For instance, in a business of 1000 users with an average web data size of 250MB per user an extra 250GB of storage will be required. And if all users log on at 9am this 250GB needs transferring to the users which places strain on the network. All of this affects the user in the way of performance. Login times are massively affected (customers have reported up to 90% of the time taken to log on is down to web data), browser launch times increase, as does the rendering of web pages which, in some extreme cases will time out, impacting productivity.
Option two – delete the data each time
By deleting all web data after each session organisations will remove the impact on logon, storage, and network while addressing concerns around data security. However, this effectively means that for each logon the user will be starting from scratch as far as internet applications are concerned.
Useful browser items such as history and cookies, many of which will be authentication cookies, which are used to recognise users on websites such as AWS and Office365 are not immune and are also lost. So while the issues of bloat and privacy are removed, problems around user experience and productivity remain.
Option three – disallow third party cookies
A further option is to utilise the ‘disallow third party cookies’ setting that all browsers include. This will stop the majority of the “undesired” cookies being stored but might also stop certain website features from operating correctly. As such, by enabling this, all of the issues (performance, security, user experience) would be partially but not fully addressed.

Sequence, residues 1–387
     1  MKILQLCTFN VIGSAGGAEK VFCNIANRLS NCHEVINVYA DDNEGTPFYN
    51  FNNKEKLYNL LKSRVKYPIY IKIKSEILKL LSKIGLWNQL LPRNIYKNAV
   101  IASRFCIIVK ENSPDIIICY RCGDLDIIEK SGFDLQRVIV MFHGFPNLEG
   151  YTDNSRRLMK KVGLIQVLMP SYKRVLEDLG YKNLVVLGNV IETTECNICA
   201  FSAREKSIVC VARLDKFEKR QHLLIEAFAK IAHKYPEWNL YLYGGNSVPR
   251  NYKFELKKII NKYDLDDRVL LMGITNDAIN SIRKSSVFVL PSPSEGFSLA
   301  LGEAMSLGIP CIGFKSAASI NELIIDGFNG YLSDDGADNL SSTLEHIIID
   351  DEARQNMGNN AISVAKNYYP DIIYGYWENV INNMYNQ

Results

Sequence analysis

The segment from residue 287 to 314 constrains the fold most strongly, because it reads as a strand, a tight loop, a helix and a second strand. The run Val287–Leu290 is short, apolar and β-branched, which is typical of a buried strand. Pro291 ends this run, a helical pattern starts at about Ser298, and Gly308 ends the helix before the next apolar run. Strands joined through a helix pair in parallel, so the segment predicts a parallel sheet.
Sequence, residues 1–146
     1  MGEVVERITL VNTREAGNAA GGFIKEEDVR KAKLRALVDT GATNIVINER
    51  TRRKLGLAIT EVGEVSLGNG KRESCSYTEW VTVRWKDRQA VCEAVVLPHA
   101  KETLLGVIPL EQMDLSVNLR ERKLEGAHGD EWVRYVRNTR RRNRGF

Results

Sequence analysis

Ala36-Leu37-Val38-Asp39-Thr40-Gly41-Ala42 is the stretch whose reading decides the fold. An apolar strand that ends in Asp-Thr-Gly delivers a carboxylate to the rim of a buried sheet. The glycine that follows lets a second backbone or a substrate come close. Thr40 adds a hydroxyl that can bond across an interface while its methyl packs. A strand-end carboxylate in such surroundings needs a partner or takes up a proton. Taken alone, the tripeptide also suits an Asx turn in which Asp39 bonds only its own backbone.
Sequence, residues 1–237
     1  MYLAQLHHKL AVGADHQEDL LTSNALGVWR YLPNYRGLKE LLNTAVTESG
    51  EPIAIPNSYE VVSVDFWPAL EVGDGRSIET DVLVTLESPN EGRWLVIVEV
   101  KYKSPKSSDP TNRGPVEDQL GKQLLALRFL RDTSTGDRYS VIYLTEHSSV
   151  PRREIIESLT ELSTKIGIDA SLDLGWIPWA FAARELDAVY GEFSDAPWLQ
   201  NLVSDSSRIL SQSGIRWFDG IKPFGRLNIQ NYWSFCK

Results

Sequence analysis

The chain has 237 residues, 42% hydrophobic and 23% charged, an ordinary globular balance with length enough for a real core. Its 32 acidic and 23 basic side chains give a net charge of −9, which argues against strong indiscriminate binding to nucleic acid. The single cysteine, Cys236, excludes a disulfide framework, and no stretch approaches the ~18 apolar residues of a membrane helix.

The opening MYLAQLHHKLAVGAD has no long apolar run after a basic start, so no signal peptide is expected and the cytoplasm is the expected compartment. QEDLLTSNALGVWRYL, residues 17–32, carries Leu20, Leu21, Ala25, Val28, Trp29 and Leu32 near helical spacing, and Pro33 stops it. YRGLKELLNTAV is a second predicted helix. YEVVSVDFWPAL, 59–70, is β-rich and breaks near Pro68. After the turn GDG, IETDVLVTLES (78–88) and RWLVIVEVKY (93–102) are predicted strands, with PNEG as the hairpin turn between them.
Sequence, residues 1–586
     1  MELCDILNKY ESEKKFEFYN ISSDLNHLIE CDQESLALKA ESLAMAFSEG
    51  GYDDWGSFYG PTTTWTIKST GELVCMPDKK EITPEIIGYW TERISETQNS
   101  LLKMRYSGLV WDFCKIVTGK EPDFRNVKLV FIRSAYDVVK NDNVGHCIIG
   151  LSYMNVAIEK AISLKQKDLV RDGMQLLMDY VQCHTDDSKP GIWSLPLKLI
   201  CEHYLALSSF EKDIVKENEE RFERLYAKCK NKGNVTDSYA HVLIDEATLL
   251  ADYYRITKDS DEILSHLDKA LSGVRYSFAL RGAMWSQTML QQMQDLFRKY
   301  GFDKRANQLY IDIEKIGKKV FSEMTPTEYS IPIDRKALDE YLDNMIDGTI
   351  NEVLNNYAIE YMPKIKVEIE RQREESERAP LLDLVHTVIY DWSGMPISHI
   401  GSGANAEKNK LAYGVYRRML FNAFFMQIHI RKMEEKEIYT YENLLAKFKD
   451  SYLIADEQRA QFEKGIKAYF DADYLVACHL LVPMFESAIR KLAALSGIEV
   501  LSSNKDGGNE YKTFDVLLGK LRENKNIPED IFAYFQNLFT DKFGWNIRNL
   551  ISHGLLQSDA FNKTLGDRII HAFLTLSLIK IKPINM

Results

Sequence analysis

Option four – create whitelists and blacklists
Finally organisations could choose to whitelist and black list certain types of web data. By identifying business applications and websites and “whitelisting” them, while blacklisting problem websites and applications, they can ensure that only data that is relevant to business as usual activity is retained. However, much like disallowing third party cookies, this only partially addresses the issues rather than providing a solution to them.
A new approach to web data bloat
It’s clear that the standard options available all come with a catch – either a rich browsing experience with web bloat and possible privacy issues, or a lean data footprint with quick loading times that’s hampered by browsing and compatibility issues. As such what is needed is a solution that completely manages all aspects of web data, offering organisations the opportunity to strike a balance which best suits their specific requirements.
To achieve this IT teams need a solution that is able to analyse the data generated by simple web browsing and web based applications. By being able to see what data is present on PCs and servers, they can begin to understand what category – desirable and undesirable – that web data falls into, while also assessing the savings in disk space and storage that can be realized by addressing the issue.
With this visibility of the web browser data that resides in the network and the issues it is creating, it then becomes possible to remove unnecessary data. This will not only reduce the size of users’ web browser databases, but will also provide administrators with full control over users’ browsing data to ensure that only required information is kept. In our experience this can reduce the size of WebCache files by 80 to 90%, and the number of cookies in a typical WebCache from typically 5,000 or more to a few hundred.
As cloud and web applications become increasingly prevalent in the IT environment, it’s critical that organisations adapt their practices to ensure that this new plethora of data doesn’t impact performance, security or the user experience. And this can only be achieved once they have not only the ability to gain full visibility of web data but also the capability to manage – and delete it – effectively.